Let’s see how changing wavetable mode impacts the sound:
Each wavetable mode also has a set of custom settings underneath the icon.
FM Synthesis in Massive X
Below the oscillators, you get 2 Phase Modulation oscillators (PM1 and PM2):
These allow you to access FM synthesis capabilities. If you’re new to the world of FM, check out our guide here 😉
There are 6 waveforms to choose from, and each PM oscillator can modulate either or both sound oscillators. To do so, simply select the PM and increase the amount:
The “Aux” option lets you modulate from any other sound source within Massive X. You can explore this option more in detail in their manual.
Finally, there are 2 Noise layers that you can add. Each one comes with a huge amount of presets. You can add your own noise recordings here:
Noise layers are a great way to add a bit of grit and dirt to your sounds. I find they work especially well on pads:
Massive X Filter Section
Next, we move on to the filtering section.
Massive X offers 9 different types of filters:
Each filter comes with a custom set of parameters:
A common control here is the “KTR”, or key-tracking. Increasing the amount will make the filter follow the MIDI pitch. This enables each note to have roughly the same velocity, despite being in different octaves.
Without going into too much detail, here are the main characteristics of each filter:
- Asimov: a classic low-pass filter inspired by the 80s
- Blue Monark: multi-mode filter inspired by NI’s Monark synth
- Comb: creates a sort of flanging effect
- Creak: an experimental filter suitable for distorted sounds
- Groain: a multi-mode hybrid filter/flanger
- Scanner: a multi-mode filter inspired by classic analog synths
- SVF, SVF Parallel, and SVF Serial: these filters have the “cleanest” sound, making them suitable for precise sound shaping. You can set them up in parallel or in series.
As always, the best is to experiment and find what you like!
Massive X Effects Section
Massive X features two distinct types of effects: Insert and Stereo effects.
Insert effects are part of the voice structure itself. Think of them as an integral part of the sound.
On the other hand, Stereo Effects are applied to the entire mix. These affect the sound at the end of the chain.
Massive X features 3 slots for Insert Effects (named A, B, and C) and 3 slots for Stereo Effects (X, Y, and Z). Let’s dive into all of this more in detail 👇
By default, the first Insert Effect (labeled “A”) is located before any filtering:
In this example, you can see that the Bit Crusher effect is applied before the Asimov filter.
Insert Effects B and C are applied post-filtering. Note that routing can be customized to suit your needs. Simply double-click on a line to erase it. You can then draw new connections.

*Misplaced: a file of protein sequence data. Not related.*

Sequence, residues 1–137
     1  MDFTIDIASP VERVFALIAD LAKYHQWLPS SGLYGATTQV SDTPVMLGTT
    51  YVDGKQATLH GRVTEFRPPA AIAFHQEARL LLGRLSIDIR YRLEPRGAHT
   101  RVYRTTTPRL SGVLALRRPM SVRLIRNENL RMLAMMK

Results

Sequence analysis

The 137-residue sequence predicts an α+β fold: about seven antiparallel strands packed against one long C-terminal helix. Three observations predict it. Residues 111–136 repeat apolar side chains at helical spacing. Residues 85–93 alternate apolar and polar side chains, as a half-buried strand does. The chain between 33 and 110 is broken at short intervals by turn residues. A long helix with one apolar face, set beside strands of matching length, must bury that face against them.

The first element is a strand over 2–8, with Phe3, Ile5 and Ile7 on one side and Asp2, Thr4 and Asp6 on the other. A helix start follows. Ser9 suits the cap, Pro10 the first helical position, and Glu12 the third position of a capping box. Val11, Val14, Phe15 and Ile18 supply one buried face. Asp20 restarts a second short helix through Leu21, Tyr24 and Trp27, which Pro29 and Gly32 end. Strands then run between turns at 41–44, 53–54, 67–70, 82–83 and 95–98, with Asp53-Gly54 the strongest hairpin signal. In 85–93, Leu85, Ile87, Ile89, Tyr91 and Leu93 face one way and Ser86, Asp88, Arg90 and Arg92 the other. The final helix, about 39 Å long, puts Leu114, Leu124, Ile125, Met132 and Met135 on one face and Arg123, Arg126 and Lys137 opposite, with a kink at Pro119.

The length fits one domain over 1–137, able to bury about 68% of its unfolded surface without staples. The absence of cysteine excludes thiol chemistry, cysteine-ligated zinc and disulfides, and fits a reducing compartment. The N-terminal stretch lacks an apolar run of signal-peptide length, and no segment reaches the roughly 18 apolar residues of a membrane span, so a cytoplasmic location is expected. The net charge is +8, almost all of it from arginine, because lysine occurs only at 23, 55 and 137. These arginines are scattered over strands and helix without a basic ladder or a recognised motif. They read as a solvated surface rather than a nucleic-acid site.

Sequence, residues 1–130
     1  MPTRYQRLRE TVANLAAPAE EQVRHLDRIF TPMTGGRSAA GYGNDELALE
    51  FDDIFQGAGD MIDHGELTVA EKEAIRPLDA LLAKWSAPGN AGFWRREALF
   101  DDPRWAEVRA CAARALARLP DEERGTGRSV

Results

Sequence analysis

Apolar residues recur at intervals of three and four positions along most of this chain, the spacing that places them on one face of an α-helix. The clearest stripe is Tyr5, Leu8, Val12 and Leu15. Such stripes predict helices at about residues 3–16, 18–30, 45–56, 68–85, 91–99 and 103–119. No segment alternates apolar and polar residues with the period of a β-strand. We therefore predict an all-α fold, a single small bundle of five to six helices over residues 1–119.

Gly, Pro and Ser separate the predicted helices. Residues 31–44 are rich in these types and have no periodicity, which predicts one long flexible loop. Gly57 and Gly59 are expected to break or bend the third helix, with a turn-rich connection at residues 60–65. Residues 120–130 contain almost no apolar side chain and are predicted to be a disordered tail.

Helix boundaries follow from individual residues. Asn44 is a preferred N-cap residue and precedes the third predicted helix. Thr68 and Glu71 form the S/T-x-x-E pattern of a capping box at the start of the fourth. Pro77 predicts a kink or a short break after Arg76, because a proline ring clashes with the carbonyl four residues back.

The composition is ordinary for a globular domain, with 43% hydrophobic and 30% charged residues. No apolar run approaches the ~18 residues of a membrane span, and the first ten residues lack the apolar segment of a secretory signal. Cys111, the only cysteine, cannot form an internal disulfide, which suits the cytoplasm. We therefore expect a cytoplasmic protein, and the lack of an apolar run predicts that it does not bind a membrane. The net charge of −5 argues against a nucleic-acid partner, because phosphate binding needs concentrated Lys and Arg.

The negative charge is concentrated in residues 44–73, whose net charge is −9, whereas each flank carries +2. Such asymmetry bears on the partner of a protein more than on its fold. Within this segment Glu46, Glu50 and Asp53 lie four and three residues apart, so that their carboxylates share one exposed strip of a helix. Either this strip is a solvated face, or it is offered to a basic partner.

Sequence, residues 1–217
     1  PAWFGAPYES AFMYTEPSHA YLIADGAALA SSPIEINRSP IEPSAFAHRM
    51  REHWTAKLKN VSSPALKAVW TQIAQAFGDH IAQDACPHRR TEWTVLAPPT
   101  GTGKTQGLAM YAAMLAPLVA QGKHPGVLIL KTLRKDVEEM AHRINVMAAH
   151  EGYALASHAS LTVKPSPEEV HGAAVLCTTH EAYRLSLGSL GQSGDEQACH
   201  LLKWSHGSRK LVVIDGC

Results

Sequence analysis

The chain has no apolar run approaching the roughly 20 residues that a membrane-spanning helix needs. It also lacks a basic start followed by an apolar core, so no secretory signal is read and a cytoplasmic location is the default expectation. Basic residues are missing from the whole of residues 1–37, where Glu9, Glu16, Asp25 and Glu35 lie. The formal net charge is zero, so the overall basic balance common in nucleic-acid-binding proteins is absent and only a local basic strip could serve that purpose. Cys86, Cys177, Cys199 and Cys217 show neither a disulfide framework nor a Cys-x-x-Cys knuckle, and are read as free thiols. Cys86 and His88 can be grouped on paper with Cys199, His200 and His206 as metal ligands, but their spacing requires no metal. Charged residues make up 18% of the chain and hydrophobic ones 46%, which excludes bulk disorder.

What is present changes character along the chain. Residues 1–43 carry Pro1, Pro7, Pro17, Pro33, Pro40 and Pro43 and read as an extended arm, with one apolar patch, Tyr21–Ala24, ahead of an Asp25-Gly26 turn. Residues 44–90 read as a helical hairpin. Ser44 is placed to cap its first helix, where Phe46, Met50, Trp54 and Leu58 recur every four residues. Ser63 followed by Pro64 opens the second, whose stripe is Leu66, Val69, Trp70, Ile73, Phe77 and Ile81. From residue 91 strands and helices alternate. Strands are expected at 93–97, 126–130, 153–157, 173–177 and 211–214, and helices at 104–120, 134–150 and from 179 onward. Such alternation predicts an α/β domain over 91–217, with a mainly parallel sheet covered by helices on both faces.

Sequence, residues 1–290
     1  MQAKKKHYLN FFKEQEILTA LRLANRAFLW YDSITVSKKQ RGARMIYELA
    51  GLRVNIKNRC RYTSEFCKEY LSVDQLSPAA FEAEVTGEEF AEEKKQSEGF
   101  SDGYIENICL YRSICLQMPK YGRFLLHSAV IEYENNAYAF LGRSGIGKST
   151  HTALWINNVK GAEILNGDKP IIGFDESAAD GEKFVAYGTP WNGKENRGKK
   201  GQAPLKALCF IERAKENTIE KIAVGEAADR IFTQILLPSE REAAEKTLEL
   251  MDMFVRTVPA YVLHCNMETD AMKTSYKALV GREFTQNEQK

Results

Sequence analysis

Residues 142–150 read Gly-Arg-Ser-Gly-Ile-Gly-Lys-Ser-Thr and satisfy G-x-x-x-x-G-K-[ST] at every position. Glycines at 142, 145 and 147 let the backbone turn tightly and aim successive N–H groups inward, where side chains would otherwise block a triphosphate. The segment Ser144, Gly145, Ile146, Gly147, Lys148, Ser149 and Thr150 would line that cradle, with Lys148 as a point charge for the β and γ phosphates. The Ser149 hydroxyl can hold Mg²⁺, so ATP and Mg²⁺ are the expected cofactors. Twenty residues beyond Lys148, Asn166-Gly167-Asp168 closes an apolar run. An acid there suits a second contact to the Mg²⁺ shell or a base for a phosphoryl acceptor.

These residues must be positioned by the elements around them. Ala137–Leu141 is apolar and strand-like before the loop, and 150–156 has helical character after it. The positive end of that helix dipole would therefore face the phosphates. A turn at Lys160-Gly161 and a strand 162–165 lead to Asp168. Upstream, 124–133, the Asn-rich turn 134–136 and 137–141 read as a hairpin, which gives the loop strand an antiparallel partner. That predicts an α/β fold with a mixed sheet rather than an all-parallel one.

Insert Effects cover a range of harmonic enhancement and distortion effects. Here are some of my favorites:
- Anima: creates some really cool harmonic resonances.
- Bit Crusher: a great tool to get that LoFi sound
- Frequency Shifter: perfect to create inharmonic risers and tension
- Sample + Hold: creates some weird, metallic distortion. Try setting the mode to “Fix” and playing with the note number.
As we touched on earlier, stereo effects are applied at the end of the chain.
By default, the 3 Stereo Effects are named X, Y, and Z. They are routed in series, one flowing into the next:
You can experiment with 2 other routing options. This will change how the effects interact with each other.
Some of the stereo effects include the following:
- Dimension Expander: a classic feature of the original Massive synth. Combines chorus and stereo enhancement.
- Nonlinear Lab: offers some interesting distortion results, especially when playing multiple notes
- Stereo delay: offers control of the delay time of the left and right channels.
One trick you can try is to load 3 different effects. Then, switch the routing to see how it affects the sound:
Massive X Modulation Envelopes
Finally, let’s look at the Modulation section of Massive X:
Massive X can display 3 modulation envelopes at a time. In order, we have:
- 3 Performers (P1, P2 and P3). These are customizable sequencers that can create rhythmical movements.
- 9 Modulators (grouped by groups of 3). E1 is set by default to the Amp-Envelope (i.e. the ADSR of the master volume). Every other modulator can be re-assigned to any of 4 different modulators:
- Modulation Envelope
- Exciter Envelope
- Switcher LFO
- Random LFO
- 4 Trackers. These are modulations that will track the keyboard. For example, a filter could open up gradually the higher the note.
Let’s dive into all of these modulations more in detail.
Massive X features 3 different performer envelopes.
Essentially, these let you create complex patterns for your modulations: